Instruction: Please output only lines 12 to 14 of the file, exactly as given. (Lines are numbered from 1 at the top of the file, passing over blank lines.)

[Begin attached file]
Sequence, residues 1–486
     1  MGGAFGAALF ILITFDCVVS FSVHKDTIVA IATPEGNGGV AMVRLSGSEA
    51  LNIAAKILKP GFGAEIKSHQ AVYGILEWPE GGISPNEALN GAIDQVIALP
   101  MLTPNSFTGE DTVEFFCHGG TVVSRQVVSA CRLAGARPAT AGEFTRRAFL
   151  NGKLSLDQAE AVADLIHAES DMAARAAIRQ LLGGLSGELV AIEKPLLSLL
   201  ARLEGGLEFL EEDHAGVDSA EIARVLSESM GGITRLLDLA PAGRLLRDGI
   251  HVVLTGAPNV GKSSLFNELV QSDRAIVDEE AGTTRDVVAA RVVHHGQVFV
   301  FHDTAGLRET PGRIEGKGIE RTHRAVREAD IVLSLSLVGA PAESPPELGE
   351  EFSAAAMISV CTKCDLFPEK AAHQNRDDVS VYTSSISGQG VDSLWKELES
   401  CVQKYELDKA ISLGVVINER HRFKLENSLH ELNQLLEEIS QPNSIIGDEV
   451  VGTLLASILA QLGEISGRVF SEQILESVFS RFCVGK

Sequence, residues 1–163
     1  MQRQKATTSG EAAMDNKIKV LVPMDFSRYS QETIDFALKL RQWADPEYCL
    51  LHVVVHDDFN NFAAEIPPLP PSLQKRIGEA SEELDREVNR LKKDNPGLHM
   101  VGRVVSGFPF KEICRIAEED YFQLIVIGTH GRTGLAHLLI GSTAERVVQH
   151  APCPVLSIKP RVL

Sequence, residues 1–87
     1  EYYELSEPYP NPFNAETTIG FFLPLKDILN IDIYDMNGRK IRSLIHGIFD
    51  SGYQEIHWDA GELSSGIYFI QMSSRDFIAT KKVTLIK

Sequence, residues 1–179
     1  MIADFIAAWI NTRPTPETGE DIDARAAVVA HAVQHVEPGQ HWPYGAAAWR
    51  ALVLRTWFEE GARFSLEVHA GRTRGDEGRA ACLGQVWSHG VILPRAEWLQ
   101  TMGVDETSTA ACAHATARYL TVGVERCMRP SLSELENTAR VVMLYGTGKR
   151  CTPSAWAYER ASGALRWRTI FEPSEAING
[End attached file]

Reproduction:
Sequence, residues 1–163
     1  MQRQKATTSG EAAMDNKIKV LVPMDFSRYS QETIDFALKL RQWADPEYCL
    51  LHVVVHDDFN NFAAEIPPLP PSLQKRIGEA SEELDREVNR LKKDNPGLHM